Figure 27: Output of the PLL (Input Signal and Generated output signal)

As seen from the figure 27, the two signals did not lock in phase and frequency. This is due to the failed NCO test. However, the generated signal and input signal is seen to be approximately in sync with each other. The table below shows that both signals are similar with regards to phase and frequency;

PARAMETERS INPUT SIGNAL GENERATED SIGNAL
Frequency(Hz) 461.540m 488.043m
Period(sec) 2.167 2.049
+/- Duty Cycle 50%/50% 49.9%/50%
Amplitude 2.000 1.009

Table 3: Table Comparison between Input Signal and NCO output

The spectrum analysis for the generated NCO output is as shown in the figure below;

Figure 28: Spectrum analyser view of the NCO output

As seen from the figure above, the system is maximum at 0Hz and as the signal strength diminishes until before 500Hz on the positive and negative axis of the graph

5.   CONCLUSION

This project presents an architecture for an ADPLL with different alternatives on how to implement the main building blocks. This project is implemented on the FPGA and modelled with the software Xilinx System Generator for DSP. The architecture was successfully modelled and follows the Phase Locked loop concept but the simulation results gotten were not expected. During the testing aspect of the project work, it was discovered that the Numerically Controlled Oscillator must be modelled with more than one block in order to generate the appropriate wave to the phase detector. The blocks used were the step function, phase accumulator and the clock probe.

Overall, the development of an All-Digital phase locked loop was interesting and also a good learning experience. There are still many improvements and concepts that still need to be researched and studied, but the fundamentals of an All-Digital PLL implementation on an FPGA was covered during the project.

6.   FURTHER DEVELOPMENT

Considering the input signal and the generated signal didn’t have equal phase and frequency, the project can be improved by reconfiguring the Numerically Controlled Oscillator. This is because it was the NCO block that was responsible for the whole control system not functioning as expected. An in-depth background research must be done before trying to implement the NCO on Xilinx System generator for DSP and also a good knowledge of the software itself must be known. To summarise the operation of the NCO for a readers understanding, the main building blocks of an NCO include a clock source, increment block and a phase accumulator.  Based on the literature review in section 2.8, there are different ways to implement an NCO on an FPGA. This knowledge will also be useful in order to configure the NCO for the proposed architecture for the PLL.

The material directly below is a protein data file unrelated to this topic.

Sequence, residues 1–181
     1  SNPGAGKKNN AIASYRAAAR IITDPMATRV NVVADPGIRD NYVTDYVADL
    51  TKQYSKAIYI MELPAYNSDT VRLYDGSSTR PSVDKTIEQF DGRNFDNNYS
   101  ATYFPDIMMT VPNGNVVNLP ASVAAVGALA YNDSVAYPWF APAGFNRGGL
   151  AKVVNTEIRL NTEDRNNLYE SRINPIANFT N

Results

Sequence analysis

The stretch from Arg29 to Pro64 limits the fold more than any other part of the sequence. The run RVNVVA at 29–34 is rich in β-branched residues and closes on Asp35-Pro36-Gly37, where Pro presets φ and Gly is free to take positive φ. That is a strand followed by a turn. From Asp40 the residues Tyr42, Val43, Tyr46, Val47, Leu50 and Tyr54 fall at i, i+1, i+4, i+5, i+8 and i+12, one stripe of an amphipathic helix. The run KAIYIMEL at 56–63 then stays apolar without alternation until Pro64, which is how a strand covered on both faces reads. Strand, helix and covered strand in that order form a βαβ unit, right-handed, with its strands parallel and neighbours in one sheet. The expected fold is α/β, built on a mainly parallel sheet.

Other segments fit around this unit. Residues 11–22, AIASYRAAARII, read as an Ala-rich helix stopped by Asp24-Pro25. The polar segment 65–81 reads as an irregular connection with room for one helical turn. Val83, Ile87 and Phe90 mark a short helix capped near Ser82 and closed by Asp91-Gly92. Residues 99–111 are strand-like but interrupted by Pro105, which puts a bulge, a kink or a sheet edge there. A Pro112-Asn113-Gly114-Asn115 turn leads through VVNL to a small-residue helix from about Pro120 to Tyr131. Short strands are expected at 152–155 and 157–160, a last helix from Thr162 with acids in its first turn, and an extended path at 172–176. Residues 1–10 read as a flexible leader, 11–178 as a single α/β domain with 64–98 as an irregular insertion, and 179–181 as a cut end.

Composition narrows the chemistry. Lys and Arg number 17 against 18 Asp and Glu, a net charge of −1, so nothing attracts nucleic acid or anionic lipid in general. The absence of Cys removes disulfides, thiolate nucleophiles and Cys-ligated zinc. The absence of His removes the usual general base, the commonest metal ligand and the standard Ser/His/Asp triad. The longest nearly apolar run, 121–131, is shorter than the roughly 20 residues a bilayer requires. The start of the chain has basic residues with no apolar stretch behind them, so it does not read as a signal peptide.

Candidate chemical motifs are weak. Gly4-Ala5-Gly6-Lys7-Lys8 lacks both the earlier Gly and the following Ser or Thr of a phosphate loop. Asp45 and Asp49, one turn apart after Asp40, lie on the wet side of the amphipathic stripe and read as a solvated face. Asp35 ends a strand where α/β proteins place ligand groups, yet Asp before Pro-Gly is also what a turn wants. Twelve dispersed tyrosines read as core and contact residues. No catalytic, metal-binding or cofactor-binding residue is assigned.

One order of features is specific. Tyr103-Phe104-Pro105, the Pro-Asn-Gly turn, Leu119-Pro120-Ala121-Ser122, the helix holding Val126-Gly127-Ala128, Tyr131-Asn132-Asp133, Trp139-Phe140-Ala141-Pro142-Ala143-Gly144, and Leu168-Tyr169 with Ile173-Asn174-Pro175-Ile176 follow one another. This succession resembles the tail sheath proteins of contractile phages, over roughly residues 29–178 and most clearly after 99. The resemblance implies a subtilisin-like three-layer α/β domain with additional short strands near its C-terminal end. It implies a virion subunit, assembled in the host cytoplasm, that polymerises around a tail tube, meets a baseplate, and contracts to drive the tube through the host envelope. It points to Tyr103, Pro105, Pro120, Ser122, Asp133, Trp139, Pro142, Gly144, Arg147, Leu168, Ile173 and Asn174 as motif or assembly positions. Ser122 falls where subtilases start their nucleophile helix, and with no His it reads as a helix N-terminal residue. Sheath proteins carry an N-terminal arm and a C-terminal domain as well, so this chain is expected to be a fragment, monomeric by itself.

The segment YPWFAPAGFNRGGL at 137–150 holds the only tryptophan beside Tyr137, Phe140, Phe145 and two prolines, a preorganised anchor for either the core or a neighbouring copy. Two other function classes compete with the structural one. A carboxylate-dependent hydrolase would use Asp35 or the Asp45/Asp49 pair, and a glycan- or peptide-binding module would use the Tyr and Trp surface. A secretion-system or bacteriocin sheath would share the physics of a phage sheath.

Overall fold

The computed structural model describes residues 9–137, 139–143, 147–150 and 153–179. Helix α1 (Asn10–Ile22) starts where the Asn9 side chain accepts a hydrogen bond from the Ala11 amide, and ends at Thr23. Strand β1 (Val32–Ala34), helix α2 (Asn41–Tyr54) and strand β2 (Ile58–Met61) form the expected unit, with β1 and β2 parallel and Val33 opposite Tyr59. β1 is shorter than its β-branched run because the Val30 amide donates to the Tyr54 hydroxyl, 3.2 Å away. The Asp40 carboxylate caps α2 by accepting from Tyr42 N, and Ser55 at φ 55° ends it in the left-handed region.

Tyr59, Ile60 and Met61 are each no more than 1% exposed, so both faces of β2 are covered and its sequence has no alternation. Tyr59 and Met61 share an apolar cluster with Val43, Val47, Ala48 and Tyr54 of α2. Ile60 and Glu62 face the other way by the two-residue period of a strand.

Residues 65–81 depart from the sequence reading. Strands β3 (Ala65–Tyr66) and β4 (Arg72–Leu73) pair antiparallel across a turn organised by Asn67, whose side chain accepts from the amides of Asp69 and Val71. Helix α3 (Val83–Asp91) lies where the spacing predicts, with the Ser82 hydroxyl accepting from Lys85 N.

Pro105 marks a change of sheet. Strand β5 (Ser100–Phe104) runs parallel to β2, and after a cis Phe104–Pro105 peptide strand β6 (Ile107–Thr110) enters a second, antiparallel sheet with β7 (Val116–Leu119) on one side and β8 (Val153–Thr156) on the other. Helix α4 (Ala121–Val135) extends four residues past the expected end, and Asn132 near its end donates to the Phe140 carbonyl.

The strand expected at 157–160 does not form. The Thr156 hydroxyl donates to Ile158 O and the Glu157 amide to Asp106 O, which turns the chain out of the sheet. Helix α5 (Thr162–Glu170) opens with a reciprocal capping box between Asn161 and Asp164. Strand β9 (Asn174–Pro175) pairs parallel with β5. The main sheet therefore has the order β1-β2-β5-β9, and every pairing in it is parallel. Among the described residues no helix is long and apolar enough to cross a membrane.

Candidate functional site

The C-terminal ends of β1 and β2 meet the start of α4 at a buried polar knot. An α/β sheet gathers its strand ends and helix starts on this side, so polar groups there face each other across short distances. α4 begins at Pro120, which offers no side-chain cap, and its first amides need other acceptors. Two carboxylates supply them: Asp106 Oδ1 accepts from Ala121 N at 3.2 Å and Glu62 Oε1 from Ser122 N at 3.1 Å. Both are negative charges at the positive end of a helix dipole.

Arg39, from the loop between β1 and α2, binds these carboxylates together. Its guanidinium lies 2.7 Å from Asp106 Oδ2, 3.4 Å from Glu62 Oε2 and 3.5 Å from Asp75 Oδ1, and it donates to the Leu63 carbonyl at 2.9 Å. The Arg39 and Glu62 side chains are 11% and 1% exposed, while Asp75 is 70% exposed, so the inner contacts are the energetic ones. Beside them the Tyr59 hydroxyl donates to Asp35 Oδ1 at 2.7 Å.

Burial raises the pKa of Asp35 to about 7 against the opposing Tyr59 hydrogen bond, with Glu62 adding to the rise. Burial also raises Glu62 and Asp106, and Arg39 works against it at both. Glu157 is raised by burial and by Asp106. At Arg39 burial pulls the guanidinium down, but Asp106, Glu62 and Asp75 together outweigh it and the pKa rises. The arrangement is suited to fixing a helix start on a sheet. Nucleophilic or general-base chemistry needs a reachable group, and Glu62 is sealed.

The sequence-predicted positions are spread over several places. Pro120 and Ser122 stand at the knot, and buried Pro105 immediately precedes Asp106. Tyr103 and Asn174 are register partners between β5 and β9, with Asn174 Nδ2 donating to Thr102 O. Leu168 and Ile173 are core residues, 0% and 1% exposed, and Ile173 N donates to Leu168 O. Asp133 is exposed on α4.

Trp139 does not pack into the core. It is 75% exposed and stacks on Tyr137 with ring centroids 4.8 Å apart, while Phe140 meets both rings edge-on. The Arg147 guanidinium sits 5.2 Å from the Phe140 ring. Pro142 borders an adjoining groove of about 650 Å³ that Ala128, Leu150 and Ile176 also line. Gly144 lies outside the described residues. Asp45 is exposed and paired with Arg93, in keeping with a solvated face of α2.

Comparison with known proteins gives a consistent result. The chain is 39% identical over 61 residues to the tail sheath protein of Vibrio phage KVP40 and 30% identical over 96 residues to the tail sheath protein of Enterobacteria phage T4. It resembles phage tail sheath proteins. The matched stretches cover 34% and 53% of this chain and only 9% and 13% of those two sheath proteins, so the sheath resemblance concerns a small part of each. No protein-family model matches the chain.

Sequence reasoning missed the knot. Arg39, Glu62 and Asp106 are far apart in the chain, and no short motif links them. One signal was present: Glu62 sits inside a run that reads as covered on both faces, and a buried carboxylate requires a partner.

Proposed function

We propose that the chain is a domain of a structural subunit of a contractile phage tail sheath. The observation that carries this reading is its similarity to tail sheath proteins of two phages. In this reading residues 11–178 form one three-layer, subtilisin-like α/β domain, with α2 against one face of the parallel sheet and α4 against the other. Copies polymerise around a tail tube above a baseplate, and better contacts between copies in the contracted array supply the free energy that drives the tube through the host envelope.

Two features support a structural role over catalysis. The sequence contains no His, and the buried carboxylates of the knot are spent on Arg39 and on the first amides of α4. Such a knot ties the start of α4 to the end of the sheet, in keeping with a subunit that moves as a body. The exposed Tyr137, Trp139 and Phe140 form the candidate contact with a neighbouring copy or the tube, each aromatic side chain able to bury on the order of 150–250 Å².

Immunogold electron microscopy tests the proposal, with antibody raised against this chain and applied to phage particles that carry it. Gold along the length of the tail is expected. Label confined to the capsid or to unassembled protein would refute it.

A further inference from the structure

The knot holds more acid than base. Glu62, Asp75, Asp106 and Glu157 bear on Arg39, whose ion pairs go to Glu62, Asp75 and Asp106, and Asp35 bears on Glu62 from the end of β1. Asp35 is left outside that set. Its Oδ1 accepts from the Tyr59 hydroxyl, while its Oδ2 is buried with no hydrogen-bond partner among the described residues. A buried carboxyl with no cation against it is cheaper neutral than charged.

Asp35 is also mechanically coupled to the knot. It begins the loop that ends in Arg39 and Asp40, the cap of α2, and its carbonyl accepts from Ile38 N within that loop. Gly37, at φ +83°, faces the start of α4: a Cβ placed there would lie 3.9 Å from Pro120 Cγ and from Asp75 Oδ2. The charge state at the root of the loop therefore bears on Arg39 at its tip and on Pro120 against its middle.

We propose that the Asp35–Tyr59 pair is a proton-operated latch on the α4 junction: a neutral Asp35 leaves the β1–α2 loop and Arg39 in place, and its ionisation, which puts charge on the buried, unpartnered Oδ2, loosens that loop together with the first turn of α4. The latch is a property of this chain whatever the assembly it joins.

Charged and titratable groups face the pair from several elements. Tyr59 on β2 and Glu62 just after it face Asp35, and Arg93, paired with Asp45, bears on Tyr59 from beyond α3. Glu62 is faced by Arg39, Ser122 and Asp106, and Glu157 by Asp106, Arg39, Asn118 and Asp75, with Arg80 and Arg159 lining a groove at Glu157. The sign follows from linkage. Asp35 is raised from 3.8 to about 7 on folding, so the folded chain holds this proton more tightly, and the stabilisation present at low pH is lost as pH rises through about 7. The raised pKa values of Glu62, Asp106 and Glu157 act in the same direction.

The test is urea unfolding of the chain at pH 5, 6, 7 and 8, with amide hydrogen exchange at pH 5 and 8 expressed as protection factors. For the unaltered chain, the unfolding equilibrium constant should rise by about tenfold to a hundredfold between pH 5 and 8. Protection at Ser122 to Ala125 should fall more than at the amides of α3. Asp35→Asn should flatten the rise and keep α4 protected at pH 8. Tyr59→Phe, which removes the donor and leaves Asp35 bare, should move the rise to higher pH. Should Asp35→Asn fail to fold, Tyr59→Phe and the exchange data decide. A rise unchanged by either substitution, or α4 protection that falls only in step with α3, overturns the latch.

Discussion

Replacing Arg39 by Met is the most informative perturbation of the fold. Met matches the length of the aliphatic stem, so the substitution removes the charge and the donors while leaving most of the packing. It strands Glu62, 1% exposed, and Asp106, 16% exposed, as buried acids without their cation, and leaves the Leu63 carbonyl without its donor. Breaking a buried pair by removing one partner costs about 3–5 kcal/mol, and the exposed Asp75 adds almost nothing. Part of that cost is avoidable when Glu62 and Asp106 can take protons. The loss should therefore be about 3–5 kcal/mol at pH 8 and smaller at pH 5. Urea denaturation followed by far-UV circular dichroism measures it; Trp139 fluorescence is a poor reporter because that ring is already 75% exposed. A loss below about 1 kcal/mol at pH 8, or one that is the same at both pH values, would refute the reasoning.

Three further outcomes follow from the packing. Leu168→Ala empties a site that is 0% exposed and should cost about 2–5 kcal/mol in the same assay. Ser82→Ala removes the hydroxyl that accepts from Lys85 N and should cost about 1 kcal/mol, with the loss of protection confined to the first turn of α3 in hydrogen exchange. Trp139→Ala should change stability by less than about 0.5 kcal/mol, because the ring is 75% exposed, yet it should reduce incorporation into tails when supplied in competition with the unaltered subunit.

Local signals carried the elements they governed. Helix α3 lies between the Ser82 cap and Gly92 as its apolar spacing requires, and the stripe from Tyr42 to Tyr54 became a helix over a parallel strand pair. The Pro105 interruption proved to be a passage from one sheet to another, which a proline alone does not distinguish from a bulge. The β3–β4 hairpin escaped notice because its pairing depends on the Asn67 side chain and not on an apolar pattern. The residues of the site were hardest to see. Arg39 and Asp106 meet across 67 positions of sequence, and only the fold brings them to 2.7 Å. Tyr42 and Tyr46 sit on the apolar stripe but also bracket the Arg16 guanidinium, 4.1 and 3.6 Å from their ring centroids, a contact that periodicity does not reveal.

Also, there were intentions to have an application to the project which is frequency multiplication or synthesis. A frequency multiplier is a system for producing a series of frequencies from one single oscillator. In terms of designing this in the actual architecture design on System generator for DSP, the frequency multiplier block will generate multiple signals with the output of the NCO being its input. Refer to Appendix _ to view the proposed architecture for this application.

 REFERENCES

  1. Khan, T, Pooder, P, Khan, M and Rahman, M. (2014). FPGA IMPLEMENTATION OF PHASE LOCKED LOOP (PLL) WITH SYNCHRONOUS RESET. Available:  http://iraj.in/up_proc/pdf/80-140118347971-74.pdf. Last accessed 14th April 2017.
  2. Horowitz, P and Hill, W (1989). THE ART OF ELECTRONICS. 2nd ed. Cambridge: University Of Cambridge. p641.
  3.  Field Programmable Gate Array (FPGA) Market Size by Application (Data Processing, Industrial, Automotive, Consumer Electronics, Telecom, Military & Aerospace), Industry Analysis Report, Regional Outlo. Available: https://www.gminsights.com/industry-analysis/field-programmable-gate-array-fpga-market-size. Last accessed 3rd March 2017.
  4. Sonnaillon, M and Bonetto,J. (2007). FPGA Implementation of a Phase Locked Loop Based on Random Sampling. Available: http://ieeexplore.ieee.org/stamp/stamp.jsp?arnumber=4234312. Last accessed 14th April 2017.